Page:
According to the US Department of Defence spokesman Geoff Morrell, the DoD is “hard at work building a case” against Julian Assange. Any case they do build will likely be based on a prosecution under the 1917 Espionage Act.
There have been some passing comments recently from the likes of Guardian editor Alan Rusbridger and New York Times editor Bill Keller about whether or not Assange is a journalist or not. Far from idle debate, or just semantics, the definition could prove key to defending himself against the US. ABC’s The Drum blog has the full analysis.
Well, why does it matter whether Assange is a journalist or not? It certainly might matter to Assange, because under the US Espionage Act it’s an offence for anyone to disclose information pertaining to America’s national security and which he “has reason to believe could be used to the injury of the United States”.
A journalist, the courts by and large accept, has an occupational motive for disclosing information that comes his or her way, more or less regardless of consequences. But if Assange isn’t a journalist, what is his motive? If it could be shown that his specific purpose, in passing the cables to newspapers around the globe, or in posting them on WikiLeaks’s own websites, was to injure the United States, he might be caught by the act.
It’s more than a week after WikiLeaks began publishing secret US diplomatic cables but the organisation continues to occupy the headlines. Yesterday Reporters Without Borders claimed that the site had made an appeal for hosting help amid mounting cyber attacks, calling for support in creating mirror sites.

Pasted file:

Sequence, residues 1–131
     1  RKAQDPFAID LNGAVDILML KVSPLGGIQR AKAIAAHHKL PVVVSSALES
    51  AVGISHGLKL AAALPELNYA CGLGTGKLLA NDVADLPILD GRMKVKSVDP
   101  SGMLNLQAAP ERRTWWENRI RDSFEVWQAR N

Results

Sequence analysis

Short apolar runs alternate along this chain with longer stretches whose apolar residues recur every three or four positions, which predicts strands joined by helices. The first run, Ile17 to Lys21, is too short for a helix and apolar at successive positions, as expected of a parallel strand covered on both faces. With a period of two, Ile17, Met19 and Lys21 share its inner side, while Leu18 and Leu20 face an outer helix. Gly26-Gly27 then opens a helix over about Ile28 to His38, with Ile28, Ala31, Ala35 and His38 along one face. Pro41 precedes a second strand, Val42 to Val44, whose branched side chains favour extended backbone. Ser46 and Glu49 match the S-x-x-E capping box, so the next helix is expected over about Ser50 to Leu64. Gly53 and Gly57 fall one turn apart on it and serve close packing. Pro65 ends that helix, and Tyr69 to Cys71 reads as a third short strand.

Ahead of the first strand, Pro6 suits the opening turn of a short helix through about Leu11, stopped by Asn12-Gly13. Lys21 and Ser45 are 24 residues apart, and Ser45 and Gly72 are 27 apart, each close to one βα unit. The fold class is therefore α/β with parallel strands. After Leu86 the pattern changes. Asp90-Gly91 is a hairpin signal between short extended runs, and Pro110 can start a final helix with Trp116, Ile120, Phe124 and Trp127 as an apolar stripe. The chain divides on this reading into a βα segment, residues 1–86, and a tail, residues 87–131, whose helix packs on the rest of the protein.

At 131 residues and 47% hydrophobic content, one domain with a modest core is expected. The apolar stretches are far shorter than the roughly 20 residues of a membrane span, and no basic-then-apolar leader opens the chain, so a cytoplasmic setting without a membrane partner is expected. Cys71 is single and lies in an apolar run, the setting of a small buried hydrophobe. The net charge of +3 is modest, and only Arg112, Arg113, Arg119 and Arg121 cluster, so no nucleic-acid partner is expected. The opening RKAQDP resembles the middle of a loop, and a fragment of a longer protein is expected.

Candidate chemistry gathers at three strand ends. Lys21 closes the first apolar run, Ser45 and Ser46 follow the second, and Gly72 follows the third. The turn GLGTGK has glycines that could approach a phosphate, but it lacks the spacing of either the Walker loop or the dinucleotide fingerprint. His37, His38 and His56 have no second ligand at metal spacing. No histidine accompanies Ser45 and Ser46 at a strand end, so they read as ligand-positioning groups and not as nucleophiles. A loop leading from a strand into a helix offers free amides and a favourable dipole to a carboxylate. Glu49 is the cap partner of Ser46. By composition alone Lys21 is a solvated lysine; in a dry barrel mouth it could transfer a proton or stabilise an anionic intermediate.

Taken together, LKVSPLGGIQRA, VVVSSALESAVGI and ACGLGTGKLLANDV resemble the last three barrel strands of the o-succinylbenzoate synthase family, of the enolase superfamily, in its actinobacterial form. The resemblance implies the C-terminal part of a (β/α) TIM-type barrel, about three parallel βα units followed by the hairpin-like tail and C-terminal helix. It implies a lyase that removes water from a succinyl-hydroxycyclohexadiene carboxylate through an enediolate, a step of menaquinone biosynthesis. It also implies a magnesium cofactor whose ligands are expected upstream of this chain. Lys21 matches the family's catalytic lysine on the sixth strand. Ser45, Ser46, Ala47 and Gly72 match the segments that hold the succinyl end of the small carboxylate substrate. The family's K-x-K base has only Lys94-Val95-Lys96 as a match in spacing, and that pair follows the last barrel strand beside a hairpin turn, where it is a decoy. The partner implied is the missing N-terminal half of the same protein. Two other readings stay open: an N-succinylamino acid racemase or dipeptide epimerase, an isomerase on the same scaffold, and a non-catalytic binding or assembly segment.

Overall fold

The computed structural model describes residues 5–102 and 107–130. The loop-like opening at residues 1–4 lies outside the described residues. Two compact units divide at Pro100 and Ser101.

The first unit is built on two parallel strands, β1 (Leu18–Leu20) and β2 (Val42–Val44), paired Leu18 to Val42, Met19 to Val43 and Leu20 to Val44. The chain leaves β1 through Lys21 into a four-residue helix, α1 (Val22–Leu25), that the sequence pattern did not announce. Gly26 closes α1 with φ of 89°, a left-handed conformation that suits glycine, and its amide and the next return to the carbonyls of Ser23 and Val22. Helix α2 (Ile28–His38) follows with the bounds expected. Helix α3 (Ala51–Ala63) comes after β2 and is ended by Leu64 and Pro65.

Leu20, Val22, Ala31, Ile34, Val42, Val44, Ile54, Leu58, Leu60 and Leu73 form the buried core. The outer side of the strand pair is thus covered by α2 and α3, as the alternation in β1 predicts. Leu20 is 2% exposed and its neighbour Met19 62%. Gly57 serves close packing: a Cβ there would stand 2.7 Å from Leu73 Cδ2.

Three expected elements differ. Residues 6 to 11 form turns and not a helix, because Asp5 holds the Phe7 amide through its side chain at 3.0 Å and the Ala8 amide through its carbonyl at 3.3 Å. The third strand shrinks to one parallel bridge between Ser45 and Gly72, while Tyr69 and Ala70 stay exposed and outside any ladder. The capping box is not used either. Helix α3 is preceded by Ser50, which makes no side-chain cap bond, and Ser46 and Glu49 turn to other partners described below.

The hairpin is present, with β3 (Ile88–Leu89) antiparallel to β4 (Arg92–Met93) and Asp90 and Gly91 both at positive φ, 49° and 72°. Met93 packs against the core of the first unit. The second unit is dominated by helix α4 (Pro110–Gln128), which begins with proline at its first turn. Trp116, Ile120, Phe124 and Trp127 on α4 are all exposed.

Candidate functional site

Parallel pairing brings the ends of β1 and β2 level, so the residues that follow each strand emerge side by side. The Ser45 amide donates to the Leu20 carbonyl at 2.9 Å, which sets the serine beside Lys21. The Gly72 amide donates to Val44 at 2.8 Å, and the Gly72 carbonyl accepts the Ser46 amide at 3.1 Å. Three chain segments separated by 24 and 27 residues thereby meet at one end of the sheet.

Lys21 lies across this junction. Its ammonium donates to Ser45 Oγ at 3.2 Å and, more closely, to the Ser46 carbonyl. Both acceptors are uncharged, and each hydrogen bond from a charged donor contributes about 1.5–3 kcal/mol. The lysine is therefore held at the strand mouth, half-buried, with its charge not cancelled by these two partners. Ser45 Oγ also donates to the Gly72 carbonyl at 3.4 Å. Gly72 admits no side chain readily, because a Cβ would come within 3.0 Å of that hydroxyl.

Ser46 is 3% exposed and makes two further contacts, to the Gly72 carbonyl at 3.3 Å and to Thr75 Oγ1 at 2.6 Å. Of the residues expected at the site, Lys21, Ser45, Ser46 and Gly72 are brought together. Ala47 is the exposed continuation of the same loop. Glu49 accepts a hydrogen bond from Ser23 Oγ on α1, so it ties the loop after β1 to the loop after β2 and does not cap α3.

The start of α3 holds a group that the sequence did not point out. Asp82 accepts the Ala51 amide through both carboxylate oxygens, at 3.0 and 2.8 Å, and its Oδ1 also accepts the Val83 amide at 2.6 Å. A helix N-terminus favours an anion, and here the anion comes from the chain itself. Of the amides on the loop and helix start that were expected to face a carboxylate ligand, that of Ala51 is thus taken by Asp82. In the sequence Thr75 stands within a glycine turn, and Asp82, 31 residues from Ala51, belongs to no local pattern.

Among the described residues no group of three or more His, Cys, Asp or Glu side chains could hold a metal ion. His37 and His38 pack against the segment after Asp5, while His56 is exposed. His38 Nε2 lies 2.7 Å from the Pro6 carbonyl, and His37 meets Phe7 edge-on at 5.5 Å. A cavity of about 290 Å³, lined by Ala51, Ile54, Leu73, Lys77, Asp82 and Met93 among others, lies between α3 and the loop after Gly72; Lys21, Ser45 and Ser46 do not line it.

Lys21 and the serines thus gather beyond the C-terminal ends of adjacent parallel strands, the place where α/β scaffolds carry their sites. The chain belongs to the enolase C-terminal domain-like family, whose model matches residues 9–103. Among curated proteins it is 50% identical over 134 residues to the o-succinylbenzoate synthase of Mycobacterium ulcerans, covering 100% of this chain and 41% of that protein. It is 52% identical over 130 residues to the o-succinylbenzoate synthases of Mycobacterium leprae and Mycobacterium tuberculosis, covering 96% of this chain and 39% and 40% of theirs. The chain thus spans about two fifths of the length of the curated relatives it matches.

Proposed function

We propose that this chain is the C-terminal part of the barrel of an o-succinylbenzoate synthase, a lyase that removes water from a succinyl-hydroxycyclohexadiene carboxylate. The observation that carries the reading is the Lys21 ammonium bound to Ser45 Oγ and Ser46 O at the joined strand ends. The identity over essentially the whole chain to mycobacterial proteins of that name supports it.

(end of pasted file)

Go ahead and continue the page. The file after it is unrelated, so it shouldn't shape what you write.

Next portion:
“WikiLeaks is currently under heavy attack,” the site said in a message posted yesterday. “In order to make it impossible to ever fully remove WikiLeaks from the Internet, we need your help. If you have a Unix-based server which is hosting a website on the internet and you want to give WikiLeaks some of your hosting resources, you can help!”
The appeal follows a decision by Amazon to stop hosting WikiLeaks’ site last week and EveryDNS.net to stop providing the organisation with its .org web address.
News also broke this week that the US is considering using US Espionage Act and other laws to prosecute WikiLeaks.
In a Reuters report, US Attorney General Eric Holder is said to have claimed that “there are other statutes, other tools at our disposal”.
The Espionage Act dates back to 1917 and was focused on making it illegal to obtain national defense information for the purpose of harming the United States. Holder described the law as “pretty old” and lawmakers are considering updating it in the wake of the leak.
Today WikiLeaks vowed, via its Twitter account, to continue to release more cables tonight despite the arrest of the whistleblower founder Julian Assange in London earlier today. According to a blog post on the Australian, Assange is also due to be writing exclusively for the paper tomorrow.